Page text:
• The chapter on project impact currently contains most of the information on the project goals too. That makes the project goals look a bit lacklustre, when in reality there is quite a lot of information on them later on.
  • The European Year of Cultural Heritage is a great opportunity to connect with institutions on the EU level. Has there been any contact with organisations like Europeana? Do you think that a EU grant application would be feasible?
  • I guess the whole idea with targeting tourists that are visiting countries with no local community to contribute to WLM is off the table?
  • Total participants: From an international perspective this of course makes sense - on the other hand, the only way to know how WLM is doing overall is on the international level. Adding metrics on participants and pictures uploaded would give a sense of the overall participation levels and trends, e.g. are less users taking part but uploading more pictures? How many monuments didn't have a picture before? etc. etc.
  • The basic goals could use some more ambition, but I guess that's down to realistic expectations of what's doable and what isn't? Since the budget also includes travel costs, maybe it would be helpful to tie these costs to a specific goal?
  • I can't find any mention of issue of fracturing country/province lines. Think it would be helpful to mention it to illustrate the growing demands within the international community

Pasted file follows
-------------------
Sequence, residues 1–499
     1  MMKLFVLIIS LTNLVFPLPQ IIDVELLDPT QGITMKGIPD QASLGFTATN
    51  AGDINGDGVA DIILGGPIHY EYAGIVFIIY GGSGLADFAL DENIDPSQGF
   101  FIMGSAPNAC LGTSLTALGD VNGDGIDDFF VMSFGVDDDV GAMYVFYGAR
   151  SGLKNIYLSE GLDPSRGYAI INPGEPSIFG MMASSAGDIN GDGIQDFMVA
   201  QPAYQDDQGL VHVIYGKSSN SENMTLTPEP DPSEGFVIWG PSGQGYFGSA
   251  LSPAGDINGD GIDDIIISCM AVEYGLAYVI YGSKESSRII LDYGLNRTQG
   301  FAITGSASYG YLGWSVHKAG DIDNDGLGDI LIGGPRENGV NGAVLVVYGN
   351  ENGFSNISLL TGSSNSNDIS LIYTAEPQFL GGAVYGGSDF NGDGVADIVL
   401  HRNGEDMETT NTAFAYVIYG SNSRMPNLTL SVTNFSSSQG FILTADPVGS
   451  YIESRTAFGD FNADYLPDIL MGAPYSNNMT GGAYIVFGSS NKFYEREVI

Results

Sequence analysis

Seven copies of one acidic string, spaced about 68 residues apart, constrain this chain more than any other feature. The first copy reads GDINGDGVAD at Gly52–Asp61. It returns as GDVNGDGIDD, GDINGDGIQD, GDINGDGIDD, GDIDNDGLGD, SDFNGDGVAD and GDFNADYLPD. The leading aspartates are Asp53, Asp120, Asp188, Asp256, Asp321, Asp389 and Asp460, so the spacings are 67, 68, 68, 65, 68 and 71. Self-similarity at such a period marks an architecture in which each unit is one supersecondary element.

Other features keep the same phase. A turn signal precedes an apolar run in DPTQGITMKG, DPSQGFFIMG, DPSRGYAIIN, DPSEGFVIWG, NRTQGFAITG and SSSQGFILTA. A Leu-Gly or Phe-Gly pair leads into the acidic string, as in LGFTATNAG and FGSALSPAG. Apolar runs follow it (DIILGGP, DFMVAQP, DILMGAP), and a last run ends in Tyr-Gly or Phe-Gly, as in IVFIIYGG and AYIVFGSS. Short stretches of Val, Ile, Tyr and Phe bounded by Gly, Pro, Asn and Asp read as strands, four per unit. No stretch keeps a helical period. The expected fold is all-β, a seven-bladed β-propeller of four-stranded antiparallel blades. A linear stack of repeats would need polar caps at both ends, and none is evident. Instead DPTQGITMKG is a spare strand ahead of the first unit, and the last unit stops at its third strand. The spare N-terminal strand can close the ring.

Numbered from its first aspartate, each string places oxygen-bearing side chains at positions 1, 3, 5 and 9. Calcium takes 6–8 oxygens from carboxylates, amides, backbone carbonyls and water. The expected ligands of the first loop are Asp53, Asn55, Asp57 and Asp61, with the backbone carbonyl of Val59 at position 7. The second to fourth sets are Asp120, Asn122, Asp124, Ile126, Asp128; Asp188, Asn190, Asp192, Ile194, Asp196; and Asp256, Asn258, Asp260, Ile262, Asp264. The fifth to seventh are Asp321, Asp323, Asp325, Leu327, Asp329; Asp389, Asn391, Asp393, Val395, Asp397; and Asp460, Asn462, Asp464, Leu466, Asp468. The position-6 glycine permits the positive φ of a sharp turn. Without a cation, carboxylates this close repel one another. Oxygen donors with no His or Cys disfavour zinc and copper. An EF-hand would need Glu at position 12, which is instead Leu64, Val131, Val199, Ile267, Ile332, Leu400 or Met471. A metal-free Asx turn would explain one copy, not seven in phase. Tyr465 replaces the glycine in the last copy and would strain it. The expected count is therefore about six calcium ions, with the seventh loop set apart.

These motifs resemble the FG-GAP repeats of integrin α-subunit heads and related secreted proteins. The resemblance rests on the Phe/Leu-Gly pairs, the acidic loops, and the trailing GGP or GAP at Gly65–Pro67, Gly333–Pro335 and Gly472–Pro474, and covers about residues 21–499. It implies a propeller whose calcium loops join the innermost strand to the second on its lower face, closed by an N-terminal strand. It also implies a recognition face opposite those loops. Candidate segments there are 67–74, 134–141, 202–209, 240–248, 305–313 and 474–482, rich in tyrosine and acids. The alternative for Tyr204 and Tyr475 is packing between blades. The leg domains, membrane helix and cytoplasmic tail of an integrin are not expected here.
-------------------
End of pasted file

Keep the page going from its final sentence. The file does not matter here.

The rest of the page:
Hope my feedback is helpful, feel free to comment directly underneath each bullet point :-) Braveheart (talk) 09:06, 29 January 2018 (UTC)

Thanks also for this portion. I found it indeed hard to separate the goals entirely from the impact they have - and maintained only the high level goals for the goals section. I'm afraid that otherwise we're going to duplicate a bit too much, which will then slightly deviate from each other, and become ambiguous. I hope this is sufficient, but I agree it is suboptimal.
I agree that the ECHY is a great opportunity. Wikimedia Deutschland is taking the lead in coordinating these European efforts. As I understood, grants are primarily available on a national level. Either way, because of the nature of the international team, we would most likely not be able to receive such grants - national organizers could. As the international team, we have chosen not to focus too strongly on this, but to support national teams where needed.